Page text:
Vaccines represent some of the most impactful advances in public health.  Smallpox was once the most deadly disease on earth, but with the use of vaccines the last natural outbreak occurred in 1949 and smallpox was declared eradicated in 1980.

U.S. vaccination requirements have led to the elimination of once highly contagious infectious diseases in children including polio in 1994, measles in 2000 and rubella in 2004.  Sixteen diseases are now preventable as a result of childhood vaccines and routine immunization.

Most of our attention is on the development of vaccines for COVID-19 but there are currently 258 vaccines in development for the treatment or prevention of disease as reported by

  • 108 vaccines for cancer including a therapeutic vaccine for non-small cell lung cancer, which uses messenger RNA to mobiilze the patient’s own immune system to fight the tumor.
  • 125 vaccines for infectious diseases including a vaccine designed to prevent HIV infection by teaching a patient’s immune system to recognize and effectively fight the virus.
  • 14 vaccines for allergies, including vaccines that target peanut allergies.
  • 2 vaccines for Alzheimer’s disease, including one therapeutic vaccine that targets amyloid beta protein, which is linked to the development of the neurological disorder.
  • 70 vaccines for COVID-19 in the global research pipeline.
  • 6 vaccines for COVID-19 in human clinical trials.

The rapid pace of COVID-19 vaccine development is a testament to the lessons learned from past vaccine R&D and strong partnerships across countries, businesses and research centers.  The tremendous success of vaccines thus far is being built on with more innovative vaccines expected in the future.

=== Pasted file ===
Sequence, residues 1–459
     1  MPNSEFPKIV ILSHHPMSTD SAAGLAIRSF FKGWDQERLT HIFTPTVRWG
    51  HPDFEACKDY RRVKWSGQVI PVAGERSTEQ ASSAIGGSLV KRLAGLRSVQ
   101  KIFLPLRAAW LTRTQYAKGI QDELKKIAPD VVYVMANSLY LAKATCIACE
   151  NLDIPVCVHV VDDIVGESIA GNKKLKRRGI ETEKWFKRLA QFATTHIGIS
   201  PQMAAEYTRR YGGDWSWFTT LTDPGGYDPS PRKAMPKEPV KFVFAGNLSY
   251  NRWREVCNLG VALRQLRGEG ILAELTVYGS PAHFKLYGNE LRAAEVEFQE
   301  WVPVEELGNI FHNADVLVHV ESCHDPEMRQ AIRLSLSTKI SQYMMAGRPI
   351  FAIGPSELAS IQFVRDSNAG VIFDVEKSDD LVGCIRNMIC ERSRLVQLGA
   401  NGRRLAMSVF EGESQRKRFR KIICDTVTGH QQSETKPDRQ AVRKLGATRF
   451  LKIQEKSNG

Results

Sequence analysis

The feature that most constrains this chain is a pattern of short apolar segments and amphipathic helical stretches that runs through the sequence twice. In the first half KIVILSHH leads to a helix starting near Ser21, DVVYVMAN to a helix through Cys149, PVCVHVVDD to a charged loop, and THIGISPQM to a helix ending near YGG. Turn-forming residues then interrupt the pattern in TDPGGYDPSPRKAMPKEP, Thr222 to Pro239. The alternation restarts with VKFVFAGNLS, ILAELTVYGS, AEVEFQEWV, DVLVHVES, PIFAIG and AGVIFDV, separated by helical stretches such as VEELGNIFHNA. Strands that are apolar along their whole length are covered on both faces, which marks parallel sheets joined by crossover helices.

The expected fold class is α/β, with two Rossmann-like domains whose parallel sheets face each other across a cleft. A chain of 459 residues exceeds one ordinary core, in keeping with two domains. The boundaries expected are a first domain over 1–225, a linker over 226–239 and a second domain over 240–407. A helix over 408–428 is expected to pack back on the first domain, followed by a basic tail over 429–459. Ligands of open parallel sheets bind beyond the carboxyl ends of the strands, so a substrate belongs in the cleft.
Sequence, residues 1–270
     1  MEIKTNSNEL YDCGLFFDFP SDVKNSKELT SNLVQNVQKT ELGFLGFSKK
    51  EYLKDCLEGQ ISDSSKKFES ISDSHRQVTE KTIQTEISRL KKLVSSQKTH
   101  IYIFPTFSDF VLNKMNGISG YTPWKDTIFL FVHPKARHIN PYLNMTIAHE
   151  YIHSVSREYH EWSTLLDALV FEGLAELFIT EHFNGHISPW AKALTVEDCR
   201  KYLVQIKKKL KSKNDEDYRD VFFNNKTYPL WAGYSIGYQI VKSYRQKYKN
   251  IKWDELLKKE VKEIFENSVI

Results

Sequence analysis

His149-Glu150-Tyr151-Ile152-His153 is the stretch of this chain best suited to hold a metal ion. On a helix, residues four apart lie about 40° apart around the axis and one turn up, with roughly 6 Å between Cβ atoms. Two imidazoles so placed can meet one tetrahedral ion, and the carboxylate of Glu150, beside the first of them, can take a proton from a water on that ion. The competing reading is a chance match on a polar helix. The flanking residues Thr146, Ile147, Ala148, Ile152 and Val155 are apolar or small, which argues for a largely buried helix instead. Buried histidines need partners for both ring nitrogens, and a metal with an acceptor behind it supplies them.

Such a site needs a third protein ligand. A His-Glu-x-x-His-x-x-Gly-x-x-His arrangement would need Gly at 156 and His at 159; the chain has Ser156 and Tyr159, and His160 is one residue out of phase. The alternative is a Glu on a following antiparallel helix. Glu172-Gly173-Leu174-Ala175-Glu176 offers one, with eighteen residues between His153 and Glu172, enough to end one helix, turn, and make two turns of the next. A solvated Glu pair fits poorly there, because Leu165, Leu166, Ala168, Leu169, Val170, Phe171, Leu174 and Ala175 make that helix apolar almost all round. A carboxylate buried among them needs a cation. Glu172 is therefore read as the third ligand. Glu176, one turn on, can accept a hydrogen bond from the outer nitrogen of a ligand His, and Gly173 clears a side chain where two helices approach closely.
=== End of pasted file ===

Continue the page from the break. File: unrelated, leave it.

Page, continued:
FiercePharma highlights the top late-stage vaccine programs to watch in 2020 outside of COVID-19.

Pfizer and Merck are both developing advanced valent pneumococcal vaccines.  Pfizer is building on their $5.85 billion Prevnar 13, the world’s best selling vaccine, to protect against an additional seven serotypes.

Pfizer and GSK are in a head-to-head race for next-gen meningitis vaccines.  GSK leads with $1.3 billion in sales for 2020 but Pfizer’s Nimenrix and Trumenba are competing strongly.

Johnson & Johnson  is pressing ahead on an HIV vaccine even though the filed has experienced so many setbacks.  They are partnering with the Gates Foundation, the National Institute of allergy and Infectious Diseases and the International AIDS Vaccine Initiative.

Novovax has an improved flu vaccine and has been staffing up their C-Suite to support the expected FDA approval of this product. They have also been working for years to advance its RSV vaccine program. RSV causes 57,000 hospitalizations of infants and 177,000 hospitalizations of older adults every year and this would be the first vaccine for this disease.

It’s an exciting time to be part of the pharmaceutical world.  Contact Smith Hanley Associates’ Executive Recruiter, Nihar Parikh at [email protected] to talk about your job search or open position in the pharmaceutical industry.


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